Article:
How to Cope With Caregiver Syndrome
Yes. It is a real ailment. You can call it caregiver stress, caregiver strain or caregiver syndrome. But whatever the name, it is the feeling of hopelessness with being overcome by the burdens of caring for a loved one.
And while caregiver syndrome is best identified with diseases such as Alzheimer's Disease and Dementia, it can affect any caregiver who is living with the 24/7 demands of care giving.
In addition to the emotional stress that causes exhaustion, anger and feelings of hopelessness, caregiver syndrome can take a physical effect on the caregiver as well.
The reason for this is clear. The adult child caregiver not only has their parent to take care of but their spouse and children as well. And, with the lack of time, they stop taking care of themselves. They stop exercising. They stop eating right. And the resulting weight gain (or loss) combined with the stress of the situation means that caregivers live on average 5-7 years less than the rest of the population.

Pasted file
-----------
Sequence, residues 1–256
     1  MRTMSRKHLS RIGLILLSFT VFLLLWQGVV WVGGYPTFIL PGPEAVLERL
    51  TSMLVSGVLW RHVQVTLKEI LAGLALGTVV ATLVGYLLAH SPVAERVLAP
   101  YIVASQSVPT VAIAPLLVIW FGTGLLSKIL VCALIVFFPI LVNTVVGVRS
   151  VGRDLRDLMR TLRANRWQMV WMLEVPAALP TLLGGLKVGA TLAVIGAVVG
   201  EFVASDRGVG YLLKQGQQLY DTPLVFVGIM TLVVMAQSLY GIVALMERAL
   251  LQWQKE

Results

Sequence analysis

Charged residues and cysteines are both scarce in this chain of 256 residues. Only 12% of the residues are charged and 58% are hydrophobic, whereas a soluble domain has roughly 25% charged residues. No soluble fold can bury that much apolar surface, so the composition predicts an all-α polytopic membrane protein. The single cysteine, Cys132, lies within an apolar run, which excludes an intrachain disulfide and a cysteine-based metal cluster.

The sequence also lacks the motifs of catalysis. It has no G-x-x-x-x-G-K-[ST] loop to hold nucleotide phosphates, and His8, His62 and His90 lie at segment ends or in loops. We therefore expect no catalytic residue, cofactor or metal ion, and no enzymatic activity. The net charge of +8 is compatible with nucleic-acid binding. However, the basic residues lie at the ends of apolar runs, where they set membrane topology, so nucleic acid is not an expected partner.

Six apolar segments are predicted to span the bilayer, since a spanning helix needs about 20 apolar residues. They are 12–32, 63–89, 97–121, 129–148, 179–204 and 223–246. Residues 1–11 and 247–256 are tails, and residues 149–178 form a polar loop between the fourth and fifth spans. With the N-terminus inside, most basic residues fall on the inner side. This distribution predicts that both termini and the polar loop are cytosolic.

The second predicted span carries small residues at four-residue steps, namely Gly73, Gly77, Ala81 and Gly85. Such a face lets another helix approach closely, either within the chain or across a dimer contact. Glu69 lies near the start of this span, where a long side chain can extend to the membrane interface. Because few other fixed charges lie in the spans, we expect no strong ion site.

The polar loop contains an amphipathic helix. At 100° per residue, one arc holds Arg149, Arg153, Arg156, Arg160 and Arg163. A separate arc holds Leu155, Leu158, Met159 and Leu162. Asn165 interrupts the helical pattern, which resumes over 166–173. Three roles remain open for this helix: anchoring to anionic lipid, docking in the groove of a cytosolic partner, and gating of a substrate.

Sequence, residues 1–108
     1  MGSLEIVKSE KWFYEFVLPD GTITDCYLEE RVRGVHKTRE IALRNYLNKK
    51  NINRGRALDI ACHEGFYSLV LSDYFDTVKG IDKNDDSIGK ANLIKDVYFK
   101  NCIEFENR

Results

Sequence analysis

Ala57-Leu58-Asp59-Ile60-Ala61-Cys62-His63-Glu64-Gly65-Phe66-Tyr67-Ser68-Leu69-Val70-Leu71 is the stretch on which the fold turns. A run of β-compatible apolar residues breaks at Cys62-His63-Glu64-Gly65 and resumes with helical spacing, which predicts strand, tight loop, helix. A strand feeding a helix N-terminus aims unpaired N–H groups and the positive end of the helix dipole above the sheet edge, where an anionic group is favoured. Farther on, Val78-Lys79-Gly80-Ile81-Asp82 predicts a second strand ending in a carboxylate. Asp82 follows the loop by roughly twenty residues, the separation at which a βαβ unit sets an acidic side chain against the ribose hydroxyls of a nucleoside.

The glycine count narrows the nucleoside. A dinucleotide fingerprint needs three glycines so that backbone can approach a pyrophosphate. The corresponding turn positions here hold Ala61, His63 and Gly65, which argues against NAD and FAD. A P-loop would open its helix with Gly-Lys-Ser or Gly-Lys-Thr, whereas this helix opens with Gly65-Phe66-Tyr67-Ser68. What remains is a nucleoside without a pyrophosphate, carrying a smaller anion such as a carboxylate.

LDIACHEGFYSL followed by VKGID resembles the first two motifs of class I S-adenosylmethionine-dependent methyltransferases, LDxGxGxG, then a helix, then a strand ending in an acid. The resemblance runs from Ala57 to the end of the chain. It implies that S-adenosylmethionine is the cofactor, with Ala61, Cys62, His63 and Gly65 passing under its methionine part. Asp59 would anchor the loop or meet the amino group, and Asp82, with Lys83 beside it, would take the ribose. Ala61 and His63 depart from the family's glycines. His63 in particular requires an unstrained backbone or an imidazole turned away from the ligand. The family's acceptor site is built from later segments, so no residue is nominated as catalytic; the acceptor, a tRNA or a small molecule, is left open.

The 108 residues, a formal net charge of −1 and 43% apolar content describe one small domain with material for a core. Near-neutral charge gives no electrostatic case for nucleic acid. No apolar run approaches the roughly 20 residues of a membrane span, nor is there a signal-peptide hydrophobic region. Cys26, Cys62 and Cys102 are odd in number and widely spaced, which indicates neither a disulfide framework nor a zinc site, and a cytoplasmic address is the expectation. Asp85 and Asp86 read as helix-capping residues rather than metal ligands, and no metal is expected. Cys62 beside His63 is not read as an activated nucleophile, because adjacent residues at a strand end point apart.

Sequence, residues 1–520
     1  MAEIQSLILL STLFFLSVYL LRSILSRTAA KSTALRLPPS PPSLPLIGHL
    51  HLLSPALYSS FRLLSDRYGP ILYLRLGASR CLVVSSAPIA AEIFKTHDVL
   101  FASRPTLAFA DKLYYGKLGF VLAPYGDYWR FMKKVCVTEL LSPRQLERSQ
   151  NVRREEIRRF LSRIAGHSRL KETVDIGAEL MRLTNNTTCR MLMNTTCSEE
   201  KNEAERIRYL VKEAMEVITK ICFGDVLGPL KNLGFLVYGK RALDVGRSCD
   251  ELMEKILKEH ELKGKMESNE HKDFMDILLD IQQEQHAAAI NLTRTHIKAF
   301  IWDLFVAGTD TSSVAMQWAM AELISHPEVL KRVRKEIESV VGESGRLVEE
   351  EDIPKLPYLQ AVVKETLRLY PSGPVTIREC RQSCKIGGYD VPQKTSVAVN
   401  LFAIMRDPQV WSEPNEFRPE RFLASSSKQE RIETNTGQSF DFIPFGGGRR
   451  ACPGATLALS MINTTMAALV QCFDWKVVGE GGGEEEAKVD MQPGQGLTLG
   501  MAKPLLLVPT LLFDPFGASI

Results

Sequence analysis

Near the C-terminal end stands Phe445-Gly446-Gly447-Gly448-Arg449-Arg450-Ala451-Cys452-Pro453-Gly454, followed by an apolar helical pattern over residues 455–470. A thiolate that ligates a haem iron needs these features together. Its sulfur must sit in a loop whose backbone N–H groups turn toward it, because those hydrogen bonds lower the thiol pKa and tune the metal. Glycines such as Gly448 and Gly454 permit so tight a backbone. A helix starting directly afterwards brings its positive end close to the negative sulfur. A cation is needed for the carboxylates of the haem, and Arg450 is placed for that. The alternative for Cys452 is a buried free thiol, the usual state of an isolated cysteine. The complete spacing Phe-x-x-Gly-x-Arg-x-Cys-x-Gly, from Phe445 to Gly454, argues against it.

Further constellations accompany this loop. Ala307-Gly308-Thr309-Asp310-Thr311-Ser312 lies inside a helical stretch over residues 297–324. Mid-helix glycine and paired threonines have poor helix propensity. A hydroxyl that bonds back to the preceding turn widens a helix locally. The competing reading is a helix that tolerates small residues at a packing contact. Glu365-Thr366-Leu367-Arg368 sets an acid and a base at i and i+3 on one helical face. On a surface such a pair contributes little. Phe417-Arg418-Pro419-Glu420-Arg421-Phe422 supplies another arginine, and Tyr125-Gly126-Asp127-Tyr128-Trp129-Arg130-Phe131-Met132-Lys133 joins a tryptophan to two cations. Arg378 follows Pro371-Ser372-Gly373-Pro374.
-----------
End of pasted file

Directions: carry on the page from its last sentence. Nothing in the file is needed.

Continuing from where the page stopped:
So, how does a caregiver go about getting the support they need?
First, it's time for the family meeting. In most families, one person is handling most or all of the caregiving. So, when you get together with your siblings you need to admit to them that you are not a superhero and need help in the caregiving. Delegate responsibilities and find out who can come over to be a respite caregiver for a few hours or a weekend so that you can have a life.
This will work in MOST circumstances. However, if your siblings are at a distance or the un-cooperative sibling, then you have a different situation to deal with. But different situations bring about different solutions. Here is what you need to do:
Arrange for a home health care aid to come and take care of your loved one. Seek government help through your local Office of the Aging. Arrange for respite care.
Acknowledge that you cannot handle this any more and make arrangements for them to live in an assisted living or nursing home.
Both respite care and home health care agencies serve the same purpose. This is to bring someone in to take some of the burden off of you. The choice you make will be dependent upon economics and the services that are required by your loved one. The home health care agency will be more expensive but will probably offer more in-depth services as well as licensed individuals.
Next, reach to the local Office of Senior Services or Office of the Aging. The services can vary from county-to-county.
The above is an edited version of an article by Tony Rovere,